The States of New Jersey, New York, Maryland, and Connecticut say they are challenging “. . . an IRS final rule that undermines state and local programs designed to promote charitable giving through the use of the state and local tax (SALT) credits.” The IRS says, “to be deductible as a charitable contribution under Section 170, a transfer to an entity. . . must be a contribution or gift. A contribution or gift for this purpose is a voluntary transfer of money or property without the receipt of adequate consideration, made with charitable intent.”
We have all watched the battle amongst the blue and red states over the $10,000 cap imposed on the deductibility of state and local taxes. Many states, including New York, New Jersey, and Connecticut have put workarounds in place allowing charitable contributions and corresponding tax credits. The IRS is of the view that these so-called workarounds are a quid pro quo, no different than having to limit the deduction to your favorite charitable organization’s annual dinner dance, by assigning a value to the meal and reducing the contribution accordingly.
The suing states claim in their lawsuit that the cap would “send a message to states with generous social welfare programs that their tax and spending policies would need to conform to those of the administration and the Republican Congress.” The IRS claims this is nothing more than business as usual and “that a payment of money generally cannot constitute a charitable contribution if the contributor expects a substantial benefit in return.”
Whatever side you come down on, tax experts are doubtful the states can win this lawsuit. One can argue whether a state should have high or low taxes and whether the federal government should subsidize the states in this fashion. I can tell you from first-hand experience, I have had many clients ask about leaving New York now that the state tax deduction is virtually worthless to them. I have even had a handful of those inquiries result in a move to a low or no tax jurisdiction. Many more are lining up just waiting for a major life event, such as a child’s graduation from school, to make the leap.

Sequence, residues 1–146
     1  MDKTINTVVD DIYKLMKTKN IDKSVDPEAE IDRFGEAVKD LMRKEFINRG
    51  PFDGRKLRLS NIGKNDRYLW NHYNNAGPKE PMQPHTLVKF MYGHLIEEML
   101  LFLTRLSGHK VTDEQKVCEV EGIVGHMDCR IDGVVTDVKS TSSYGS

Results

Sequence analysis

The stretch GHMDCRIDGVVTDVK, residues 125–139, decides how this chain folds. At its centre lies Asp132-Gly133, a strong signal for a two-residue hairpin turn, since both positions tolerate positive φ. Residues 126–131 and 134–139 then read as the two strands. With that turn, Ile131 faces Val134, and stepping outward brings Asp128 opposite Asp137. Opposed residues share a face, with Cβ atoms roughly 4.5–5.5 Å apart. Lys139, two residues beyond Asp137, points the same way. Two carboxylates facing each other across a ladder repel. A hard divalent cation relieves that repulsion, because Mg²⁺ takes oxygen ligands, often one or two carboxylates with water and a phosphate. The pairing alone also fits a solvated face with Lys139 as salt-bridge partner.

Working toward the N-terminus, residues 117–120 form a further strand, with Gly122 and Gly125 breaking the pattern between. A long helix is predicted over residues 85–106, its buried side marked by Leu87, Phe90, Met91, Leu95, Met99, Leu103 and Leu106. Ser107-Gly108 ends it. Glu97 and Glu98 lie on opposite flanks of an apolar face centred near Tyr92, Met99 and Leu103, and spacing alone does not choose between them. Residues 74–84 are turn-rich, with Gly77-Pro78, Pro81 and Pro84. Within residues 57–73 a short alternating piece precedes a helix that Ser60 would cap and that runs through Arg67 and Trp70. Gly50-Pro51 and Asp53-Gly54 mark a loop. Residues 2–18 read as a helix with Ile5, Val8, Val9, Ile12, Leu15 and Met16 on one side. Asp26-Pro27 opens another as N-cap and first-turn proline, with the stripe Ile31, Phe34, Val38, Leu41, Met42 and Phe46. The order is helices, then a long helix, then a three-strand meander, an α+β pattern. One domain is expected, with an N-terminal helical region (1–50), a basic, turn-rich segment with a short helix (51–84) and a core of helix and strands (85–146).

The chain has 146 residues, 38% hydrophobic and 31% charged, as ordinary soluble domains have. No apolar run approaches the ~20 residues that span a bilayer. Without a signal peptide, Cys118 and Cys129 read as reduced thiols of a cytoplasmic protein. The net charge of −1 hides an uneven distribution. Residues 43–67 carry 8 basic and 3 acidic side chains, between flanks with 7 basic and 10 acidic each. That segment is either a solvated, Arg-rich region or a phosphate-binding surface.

So, are the workarounds a quid pro quo or just an avenue to charitable giving? The battle of the states is on and we’ll see. If you have questions, contact me at email@example.com or your Berdon Advisor.
Wayne Berkowitz, a tax partner and head of the State and Local Tax Group at Berdon LLP, advises on the unique requirements of governments and municipalities across the nation.
 Music fans might be saying to themselves, the title sounds vaguely familiar. You are correct as I slightly modified a line from the song “Stiff Competition” which appeared on Cheap Trick’s 1978 album “Heaven Tonight.”